Chromium is a naturally occurring mineral you probably associate with high-priced automobile wheels not dietary health. But a form of chromium known as trivalent chromium is also an essential trace mineral required for the proper metabolism of sugar.
Chromium is needed in extremely small amounts it is called a trace mineral since we need just a trace of it but it cannot be produced by the body as needed. It can be obtained only from what we eat or supplements we take.
The mineral chromium was first identified in Europe in the 1790s, but it wasn't until the 1960s that it was appreciated as an important trace element for human consumption. Interestingly, even today the typical American diet is deficient in chromium; it has been estimated that only 10 percent of Americans get enough chromium in their diets. Why would this be?
One reason is that the particular form of chromium found in many foods the trivalent chromium mentioned earlier is not particularly easy to digest. Also, some of the foods which offer us the richest source of chromium liver, broccoli, and yeast, for instance are not necessarily the most popular foods among Americans. And finally, the high-sugar diets of many people cause chromium to be lost from the body.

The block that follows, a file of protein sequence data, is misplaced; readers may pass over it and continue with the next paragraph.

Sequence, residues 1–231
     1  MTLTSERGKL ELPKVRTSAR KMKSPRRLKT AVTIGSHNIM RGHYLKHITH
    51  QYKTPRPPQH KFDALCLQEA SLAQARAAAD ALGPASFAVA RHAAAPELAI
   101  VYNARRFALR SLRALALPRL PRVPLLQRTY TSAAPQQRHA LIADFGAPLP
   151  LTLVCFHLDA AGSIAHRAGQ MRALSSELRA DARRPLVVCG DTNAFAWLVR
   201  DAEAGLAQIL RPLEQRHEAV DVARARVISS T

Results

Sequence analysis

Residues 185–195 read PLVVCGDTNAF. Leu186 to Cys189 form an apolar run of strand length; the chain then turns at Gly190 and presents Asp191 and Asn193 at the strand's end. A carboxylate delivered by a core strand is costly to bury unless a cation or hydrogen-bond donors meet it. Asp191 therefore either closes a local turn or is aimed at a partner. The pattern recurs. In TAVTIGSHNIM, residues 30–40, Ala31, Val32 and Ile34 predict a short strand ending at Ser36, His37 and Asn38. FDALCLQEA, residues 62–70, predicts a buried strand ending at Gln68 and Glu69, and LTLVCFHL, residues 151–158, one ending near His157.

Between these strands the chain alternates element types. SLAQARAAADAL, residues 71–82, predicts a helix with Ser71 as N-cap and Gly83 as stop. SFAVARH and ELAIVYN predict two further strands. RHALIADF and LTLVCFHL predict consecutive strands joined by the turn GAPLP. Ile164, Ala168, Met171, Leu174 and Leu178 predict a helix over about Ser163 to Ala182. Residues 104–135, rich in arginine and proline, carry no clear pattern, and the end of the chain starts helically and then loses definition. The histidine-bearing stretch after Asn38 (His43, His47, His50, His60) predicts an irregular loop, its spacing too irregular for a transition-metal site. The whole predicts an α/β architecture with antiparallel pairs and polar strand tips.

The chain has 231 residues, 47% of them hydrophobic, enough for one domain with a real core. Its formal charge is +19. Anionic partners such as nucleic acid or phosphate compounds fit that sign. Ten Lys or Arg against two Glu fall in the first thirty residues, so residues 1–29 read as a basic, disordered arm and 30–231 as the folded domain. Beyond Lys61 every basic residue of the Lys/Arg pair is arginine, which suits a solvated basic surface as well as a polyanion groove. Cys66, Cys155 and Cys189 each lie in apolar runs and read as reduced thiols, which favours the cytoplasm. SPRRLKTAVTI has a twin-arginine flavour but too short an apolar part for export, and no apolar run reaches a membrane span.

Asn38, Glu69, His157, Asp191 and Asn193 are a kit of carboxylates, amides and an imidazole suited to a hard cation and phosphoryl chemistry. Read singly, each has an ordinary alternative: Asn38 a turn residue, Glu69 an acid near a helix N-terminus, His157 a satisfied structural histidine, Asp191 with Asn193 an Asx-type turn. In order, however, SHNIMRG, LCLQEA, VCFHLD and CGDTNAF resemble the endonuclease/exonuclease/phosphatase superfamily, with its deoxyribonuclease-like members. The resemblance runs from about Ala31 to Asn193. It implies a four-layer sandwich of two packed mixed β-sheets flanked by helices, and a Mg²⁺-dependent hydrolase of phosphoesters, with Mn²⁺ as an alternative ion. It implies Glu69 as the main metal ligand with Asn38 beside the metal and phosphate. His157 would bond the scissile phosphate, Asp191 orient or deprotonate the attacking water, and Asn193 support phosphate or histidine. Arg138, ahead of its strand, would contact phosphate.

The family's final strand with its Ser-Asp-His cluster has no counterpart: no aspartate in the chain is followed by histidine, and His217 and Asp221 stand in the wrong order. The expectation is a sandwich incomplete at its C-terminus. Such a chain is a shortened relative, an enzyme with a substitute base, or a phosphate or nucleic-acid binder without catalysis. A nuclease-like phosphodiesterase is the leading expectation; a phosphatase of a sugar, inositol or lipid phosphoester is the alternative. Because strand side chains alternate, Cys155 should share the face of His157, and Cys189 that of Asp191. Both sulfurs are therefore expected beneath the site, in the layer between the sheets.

Even cooking poses a problem. Chromium simply does not tolerate processing or high temperatures well in fact, only a small percentage of the mineral may survive. In some cases, the culprit is refining. Chromium is found in the bran and germ of whole grains exactly the parts of the grain removed when the granules are processed into white flour.
- Chromium is suitable for all types of diet plans since it supports carbohydrate, fat, and protein metabolism.
- As an essential trace element, chromium is a key component of the glucose tolerance factor (GTF) that works to support your body's use of sugar.
- Chromium can be used as part of your diet to help maintain a healthy blood sugar level already within a normal range.
- Chromium is involved in the release of energy from cells.
- Chromium is involved in carbohydrate metabolism.
- Chromium is an essential trace mineral found in true brewer's yeast.
- There are reports of significant age-related decreases in chromium concentrations which might suggest that older people are more vulnerable to chromium depletion than younger adults.
- Chromium is particularly important to the metabolism of fats and carbohydrates.
- It is also important in working with insulin (an important hormone for controlling blood sugar level) and for moving blood sugar (glucose) into cells where it can be used for energy. Chromium is vital for maintaining blood sugar balance due to its role in the formation of a compound known as GTF (Glucose Tolerance Factor).
- It activates enzymes which drive numerous chemical reactions required for overall health.
- Chromium is involved in the metabolism of nucleic acid needed to build DNA.
Good sources of chromium include:
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